On Thursday, the U.S. Senate turned back both Democratic and Republican efforts to renew the “payroll tax holiday.” The tax break allowed approximately 160 million Americans to receive a $1,000 tax bonus this year because Congress temporarily slashed the payroll tax workers pay on their wages. That tax revenue funds Social Security.
The payroll would revert to its old level if Congress doesn’t act by December 31. Appearing on MSNBC Monday morning, 6th District Congressman Jim Clyburn said there is no way in the world they will let this increase be placed on working people.
“The payroll tax holiday as proposed by the president I think is a good way to go. It looks as if the Senate is not going to approve a surcharge on individual income over a million dollars. I think what we ought to do is take a look at what the CBO (Congressional Budget Office) has done with the overseas contingency account. I don’t know why we won’t use that to pay for not only the payroll tax extension, but for unemployment insurance as well.”
Budget experts say the government will save about $1 trillion over the next 10 years because the wars in Iraq and Afghanistan are drawing to a close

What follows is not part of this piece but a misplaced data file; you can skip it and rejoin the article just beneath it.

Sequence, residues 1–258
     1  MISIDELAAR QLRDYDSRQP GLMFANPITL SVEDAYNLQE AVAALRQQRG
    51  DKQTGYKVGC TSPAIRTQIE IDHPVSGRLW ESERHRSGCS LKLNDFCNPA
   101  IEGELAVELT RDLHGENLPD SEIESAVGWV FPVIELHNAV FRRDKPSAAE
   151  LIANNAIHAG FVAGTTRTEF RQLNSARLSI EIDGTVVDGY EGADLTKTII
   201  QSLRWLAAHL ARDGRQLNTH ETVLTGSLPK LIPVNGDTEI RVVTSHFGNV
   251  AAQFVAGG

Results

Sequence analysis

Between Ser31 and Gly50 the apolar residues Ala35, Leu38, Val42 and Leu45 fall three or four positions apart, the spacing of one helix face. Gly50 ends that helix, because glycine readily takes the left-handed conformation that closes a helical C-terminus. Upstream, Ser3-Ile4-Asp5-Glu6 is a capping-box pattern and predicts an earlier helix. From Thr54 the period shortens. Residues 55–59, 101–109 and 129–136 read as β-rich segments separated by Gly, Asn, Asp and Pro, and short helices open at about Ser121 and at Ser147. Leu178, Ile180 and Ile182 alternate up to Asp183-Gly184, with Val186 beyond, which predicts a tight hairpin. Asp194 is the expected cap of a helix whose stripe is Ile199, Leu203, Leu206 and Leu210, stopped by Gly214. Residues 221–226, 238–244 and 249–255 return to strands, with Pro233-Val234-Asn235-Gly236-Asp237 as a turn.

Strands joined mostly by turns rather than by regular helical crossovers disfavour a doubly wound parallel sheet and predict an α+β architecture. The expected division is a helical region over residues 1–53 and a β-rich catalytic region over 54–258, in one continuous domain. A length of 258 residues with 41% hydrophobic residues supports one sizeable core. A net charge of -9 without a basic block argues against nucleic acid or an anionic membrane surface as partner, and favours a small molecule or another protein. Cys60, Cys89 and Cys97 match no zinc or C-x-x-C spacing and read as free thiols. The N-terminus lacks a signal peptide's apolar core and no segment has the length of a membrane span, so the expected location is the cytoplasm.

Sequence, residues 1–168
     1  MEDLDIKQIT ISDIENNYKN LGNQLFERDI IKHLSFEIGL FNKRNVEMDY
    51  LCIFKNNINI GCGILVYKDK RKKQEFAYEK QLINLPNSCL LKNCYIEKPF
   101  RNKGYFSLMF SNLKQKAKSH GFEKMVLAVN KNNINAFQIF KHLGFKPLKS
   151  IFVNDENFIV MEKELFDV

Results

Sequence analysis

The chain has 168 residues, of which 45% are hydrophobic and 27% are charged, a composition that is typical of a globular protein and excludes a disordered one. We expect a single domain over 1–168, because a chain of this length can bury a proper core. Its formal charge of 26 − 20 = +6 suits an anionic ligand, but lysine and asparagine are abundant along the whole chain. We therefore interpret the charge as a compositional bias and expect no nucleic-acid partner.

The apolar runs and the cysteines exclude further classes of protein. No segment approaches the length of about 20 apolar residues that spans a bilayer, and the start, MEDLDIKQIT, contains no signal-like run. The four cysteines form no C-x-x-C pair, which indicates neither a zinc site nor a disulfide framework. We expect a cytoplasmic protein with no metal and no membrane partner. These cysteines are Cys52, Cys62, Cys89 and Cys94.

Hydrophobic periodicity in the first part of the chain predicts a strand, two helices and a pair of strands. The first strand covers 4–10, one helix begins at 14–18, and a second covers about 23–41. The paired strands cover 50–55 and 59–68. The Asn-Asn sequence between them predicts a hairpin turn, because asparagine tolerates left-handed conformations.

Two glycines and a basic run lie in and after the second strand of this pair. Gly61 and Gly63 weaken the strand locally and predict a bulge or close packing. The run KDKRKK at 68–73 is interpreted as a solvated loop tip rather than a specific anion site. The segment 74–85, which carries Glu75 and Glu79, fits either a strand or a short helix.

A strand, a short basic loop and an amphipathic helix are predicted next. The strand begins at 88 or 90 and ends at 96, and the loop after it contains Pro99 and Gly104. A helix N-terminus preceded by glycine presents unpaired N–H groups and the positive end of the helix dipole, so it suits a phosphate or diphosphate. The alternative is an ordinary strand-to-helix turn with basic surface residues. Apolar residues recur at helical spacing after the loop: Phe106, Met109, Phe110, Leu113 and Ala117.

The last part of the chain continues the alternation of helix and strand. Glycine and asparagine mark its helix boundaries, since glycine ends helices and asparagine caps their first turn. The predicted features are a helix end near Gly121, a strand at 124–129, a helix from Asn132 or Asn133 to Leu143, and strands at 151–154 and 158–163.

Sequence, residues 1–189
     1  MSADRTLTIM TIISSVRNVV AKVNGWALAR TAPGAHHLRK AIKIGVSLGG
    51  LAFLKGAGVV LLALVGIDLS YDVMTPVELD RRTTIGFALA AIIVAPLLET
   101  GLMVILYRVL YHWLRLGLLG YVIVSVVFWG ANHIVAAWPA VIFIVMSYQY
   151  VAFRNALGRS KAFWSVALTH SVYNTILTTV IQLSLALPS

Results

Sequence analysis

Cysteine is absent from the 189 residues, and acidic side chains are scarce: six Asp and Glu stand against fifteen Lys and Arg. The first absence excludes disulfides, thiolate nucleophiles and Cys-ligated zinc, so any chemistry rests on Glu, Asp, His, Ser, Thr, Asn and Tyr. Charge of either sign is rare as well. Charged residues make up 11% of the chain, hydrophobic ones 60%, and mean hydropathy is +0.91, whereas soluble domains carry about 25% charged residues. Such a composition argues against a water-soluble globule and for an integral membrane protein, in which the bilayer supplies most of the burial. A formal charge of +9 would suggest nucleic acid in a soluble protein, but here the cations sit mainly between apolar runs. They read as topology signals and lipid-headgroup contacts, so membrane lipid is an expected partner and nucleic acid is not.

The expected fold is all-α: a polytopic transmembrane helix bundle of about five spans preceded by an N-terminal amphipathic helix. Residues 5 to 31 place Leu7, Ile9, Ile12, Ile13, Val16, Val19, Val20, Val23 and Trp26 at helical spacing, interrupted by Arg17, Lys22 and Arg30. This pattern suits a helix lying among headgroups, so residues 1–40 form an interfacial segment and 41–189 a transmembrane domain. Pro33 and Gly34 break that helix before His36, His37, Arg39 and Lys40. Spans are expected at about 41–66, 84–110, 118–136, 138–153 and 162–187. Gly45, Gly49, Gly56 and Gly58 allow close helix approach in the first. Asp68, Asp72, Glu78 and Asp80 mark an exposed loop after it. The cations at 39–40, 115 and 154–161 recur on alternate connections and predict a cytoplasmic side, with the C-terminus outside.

Clyburn says he is waiting to see the compromise plan that Senate Majority Leader Harry Reid (D-Nevada) will propose because any compromise plan to fund the continuation of the “payroll tax holiday” must come from the Senate due to the refusal by House Republicans to get involved in compromise negotiations.
The House plan would require paying for the lost tax revenues by freezing federal employees pay and increase Medicare premiums for wealthy beneficiaries.
“We’re not going to get this stated on the House side because Speaker Boehner knows full well what needs to be done, but I don’t think he’s going to get the kind of support he needs to do anything from his conference,” Clyburn said.
President Obama is urging Congress to extend the payroll tax cut, saying that letting it expire would be a “significant blow” to the economy. In his most recent weekly radio and Internet address, the president said the tax cut saves the typical middle class family about $1,000 per year.